No one wins when a franchise relationship breaks down, as not only can it cause significant disruption to the rest of the franchisor’s network, but it will also obviously have serious financial consequences for the franchisee in question. Yet the truth is that a large number of franchise disputes could have been avoided – simply and cost effectively – had the parties properly addressed certain issues at the start of the franchise process.
1 – Make sure you understand what a “franchise” is, and what it isn’t
It may sound like a statement of the obvious, but it’s surprising how many potential franchisees and franchisors do not actually properly understand how franchising works. For example, some potential “franchisors” actually only want to set up regional offices of their own business, and still want to retain ultimate control over the day-to-day running of those businesses. On the other hand, some potential “franchisees” really only want to manage a branch of a larger business and to do what they’re told to do, rather than be responsible for running their own independent franchise business. So all parties need to ensure that franchising is right for them as the first step of the process.
2 – Manage expectations from the outset
Arguably the biggest cause of franchise disputes is mismanaged and misaligned expectations, where the franchisor and franchisee have very different understandings about issues such as how the franchise business will operate, the degree of training and support to be provided by the Franchisor, how new business is to be generated, and the basis of any financial projections provided. At the start of the discussion process, when everything is going smoothly and both parties believe the venture is going to be an unqualified success, it can feel awkward discussing some of these issues and what might go wrong. However, in the long run, it can be far more disruptive for all involved not to challenge any such misconceptions, as this will likely just defer problems until further into the franchise relationship. The best approach is always to “hope for the best but prepare for the worst”. Having open and frank discussions at an early stage will also assist in ensuring that there is a proper alignment of expectations in the relevant legal documents, which brings us neatly to our next tip…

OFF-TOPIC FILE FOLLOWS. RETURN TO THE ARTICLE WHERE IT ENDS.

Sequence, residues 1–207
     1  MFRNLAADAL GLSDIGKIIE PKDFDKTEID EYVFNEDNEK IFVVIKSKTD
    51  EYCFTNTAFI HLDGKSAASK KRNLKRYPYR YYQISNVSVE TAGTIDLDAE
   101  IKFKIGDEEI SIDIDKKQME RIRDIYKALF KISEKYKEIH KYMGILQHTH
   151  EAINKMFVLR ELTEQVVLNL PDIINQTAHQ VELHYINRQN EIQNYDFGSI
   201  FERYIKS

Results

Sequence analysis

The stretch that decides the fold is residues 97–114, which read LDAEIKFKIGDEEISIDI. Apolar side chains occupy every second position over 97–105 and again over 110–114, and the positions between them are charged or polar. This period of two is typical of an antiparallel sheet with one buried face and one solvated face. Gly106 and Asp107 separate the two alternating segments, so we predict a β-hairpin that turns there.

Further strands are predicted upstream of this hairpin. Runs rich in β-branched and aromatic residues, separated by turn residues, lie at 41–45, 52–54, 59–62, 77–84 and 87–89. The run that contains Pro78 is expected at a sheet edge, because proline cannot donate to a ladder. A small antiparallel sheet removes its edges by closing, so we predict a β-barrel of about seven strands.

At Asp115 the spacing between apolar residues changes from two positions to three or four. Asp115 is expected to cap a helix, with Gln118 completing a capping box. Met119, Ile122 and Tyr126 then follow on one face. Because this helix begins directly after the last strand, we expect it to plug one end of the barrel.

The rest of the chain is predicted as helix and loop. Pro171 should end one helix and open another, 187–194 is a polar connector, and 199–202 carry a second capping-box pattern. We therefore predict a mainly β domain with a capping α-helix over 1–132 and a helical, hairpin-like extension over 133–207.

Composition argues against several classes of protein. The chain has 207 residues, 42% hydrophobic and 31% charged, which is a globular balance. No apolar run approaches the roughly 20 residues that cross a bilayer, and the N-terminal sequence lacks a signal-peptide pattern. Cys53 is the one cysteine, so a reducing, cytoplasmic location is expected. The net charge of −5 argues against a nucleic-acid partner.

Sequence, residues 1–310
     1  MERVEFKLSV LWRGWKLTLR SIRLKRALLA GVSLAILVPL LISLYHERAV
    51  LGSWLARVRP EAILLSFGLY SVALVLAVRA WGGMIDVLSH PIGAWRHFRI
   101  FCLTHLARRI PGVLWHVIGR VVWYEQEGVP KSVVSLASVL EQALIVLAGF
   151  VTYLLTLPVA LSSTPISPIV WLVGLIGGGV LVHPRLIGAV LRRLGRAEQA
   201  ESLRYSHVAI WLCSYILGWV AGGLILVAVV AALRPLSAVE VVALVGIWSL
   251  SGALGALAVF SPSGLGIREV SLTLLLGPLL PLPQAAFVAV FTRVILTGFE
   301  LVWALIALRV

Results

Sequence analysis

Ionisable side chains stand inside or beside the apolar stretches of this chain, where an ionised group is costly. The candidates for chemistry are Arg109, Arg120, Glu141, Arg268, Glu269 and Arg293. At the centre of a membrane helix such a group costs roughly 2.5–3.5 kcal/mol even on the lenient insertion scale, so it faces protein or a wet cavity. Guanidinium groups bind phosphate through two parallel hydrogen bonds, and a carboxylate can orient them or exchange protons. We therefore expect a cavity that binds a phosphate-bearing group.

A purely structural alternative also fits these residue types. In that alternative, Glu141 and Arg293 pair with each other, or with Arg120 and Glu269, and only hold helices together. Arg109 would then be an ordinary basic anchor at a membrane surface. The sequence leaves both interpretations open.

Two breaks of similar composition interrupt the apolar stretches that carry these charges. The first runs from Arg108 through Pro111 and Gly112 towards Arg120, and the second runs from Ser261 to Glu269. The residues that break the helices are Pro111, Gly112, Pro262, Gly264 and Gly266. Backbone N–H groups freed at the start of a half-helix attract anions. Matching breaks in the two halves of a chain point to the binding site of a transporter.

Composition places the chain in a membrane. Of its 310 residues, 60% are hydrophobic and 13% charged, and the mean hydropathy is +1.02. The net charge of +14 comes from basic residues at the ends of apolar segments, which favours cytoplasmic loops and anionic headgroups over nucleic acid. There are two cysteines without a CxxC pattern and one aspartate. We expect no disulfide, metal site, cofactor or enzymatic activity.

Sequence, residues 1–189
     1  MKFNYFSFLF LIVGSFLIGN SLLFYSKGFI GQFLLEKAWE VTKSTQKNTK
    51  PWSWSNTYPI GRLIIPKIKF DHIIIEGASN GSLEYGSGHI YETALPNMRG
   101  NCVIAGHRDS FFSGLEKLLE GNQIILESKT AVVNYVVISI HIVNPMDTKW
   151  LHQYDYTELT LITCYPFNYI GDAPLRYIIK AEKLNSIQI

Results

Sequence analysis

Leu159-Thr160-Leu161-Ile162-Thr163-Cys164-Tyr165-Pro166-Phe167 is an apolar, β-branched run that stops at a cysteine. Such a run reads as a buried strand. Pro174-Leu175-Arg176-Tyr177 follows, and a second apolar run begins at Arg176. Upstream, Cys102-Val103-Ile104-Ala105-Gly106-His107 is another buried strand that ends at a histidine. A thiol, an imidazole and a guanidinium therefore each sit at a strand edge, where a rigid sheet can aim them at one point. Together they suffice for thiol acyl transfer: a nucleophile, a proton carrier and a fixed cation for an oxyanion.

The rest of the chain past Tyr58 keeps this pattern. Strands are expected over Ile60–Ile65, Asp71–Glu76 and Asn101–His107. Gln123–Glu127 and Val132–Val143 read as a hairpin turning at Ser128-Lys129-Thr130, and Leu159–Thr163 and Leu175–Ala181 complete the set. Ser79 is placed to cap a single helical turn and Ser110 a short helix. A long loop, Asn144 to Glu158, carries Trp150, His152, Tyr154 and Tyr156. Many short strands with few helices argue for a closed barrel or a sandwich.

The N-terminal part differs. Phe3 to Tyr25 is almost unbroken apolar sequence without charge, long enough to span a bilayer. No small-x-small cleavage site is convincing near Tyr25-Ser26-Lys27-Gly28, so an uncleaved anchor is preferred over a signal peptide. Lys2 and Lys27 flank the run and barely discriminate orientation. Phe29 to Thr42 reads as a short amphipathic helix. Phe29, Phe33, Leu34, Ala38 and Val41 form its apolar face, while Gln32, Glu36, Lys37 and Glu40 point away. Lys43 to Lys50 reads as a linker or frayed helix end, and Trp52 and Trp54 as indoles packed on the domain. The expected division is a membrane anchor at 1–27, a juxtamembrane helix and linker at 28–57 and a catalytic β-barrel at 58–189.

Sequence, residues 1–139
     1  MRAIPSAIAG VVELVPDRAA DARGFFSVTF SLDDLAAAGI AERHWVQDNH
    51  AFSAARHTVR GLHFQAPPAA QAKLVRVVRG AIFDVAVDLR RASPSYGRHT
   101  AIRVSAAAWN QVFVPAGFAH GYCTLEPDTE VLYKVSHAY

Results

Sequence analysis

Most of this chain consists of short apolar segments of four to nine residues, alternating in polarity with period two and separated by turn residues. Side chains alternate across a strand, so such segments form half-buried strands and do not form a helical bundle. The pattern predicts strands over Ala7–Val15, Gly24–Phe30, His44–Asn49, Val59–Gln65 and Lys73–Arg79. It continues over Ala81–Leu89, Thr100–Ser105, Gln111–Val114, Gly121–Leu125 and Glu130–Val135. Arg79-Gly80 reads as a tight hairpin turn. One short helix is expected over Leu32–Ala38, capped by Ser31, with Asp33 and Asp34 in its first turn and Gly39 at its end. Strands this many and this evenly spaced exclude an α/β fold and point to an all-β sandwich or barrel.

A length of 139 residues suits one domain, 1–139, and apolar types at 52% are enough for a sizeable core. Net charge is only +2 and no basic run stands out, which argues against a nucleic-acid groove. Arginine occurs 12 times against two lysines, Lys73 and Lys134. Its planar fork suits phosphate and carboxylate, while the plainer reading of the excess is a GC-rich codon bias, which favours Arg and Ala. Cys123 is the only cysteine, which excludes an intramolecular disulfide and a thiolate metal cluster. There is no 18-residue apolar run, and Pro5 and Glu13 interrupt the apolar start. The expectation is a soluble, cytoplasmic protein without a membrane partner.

3 – Don’t “do it yourself”
It may sound self-serving, but it will often be a false economy if parties don’t instruct specialist advisors to assist them in setting up a new franchise. Franchising is a very specialist subject, and potential franchisors will often save money in the long run if, for example, they work with specialist recruiters to find suitable franchisees. Equally, both parties will be likely to benefit from instructing specialist financial advisors to prepare or analyse the financial projections, and specialist solicitors to draft or review the legal documents. Specialist bankers can advise on funding options, and there are even specialists that can analyse the local areas and advise on the best way to structure the franchise territories. Although taking these proactive steps may involve a larger initial cost, if the parties are serious about making the franchise a success, they will often view these costs as an investment to increase their longer term chances of success.
4 – Don’t run before you can walk
Successfully franchising a business is not something that can be done overnight. The most successful franchisors have taken their time to ensure they have the required infrastructure in place to support a growing franchise network, and they will often have run a “pilot scheme” to test the viability of the franchise concept. Rushing to franchise a business without carrying out this preparatory work is a common cause of failed franchise networks.
5 – Don’t be afraid to say “no”
Sometimes in all the excitement, a party might forget to take a step back and ask themselves, is this right for me? For example, a lot of franchisors are too quick to take on potential franchisees who are keen or who have available funding, and they fail to fully consider whether the potential franchisees have the necessary experience, temperament or skills to make a success of the franchise. Equally, many potential franchisees thinking of taking on a franchise opportunity will be wowed by the franchisor’s promotional material, but then fail to fully analyse the detail behind it. Once the franchise agreement is signed, it will be far more difficult for the parties to go their separate ways, so they shouldn’t be afraid to walk away during the negotiation phase if they realise that the opportunity is simply just not the right fit for them.
If you would like to know more about these or any other issues relating to franchise disputes, please contact Michael Axe today for more information.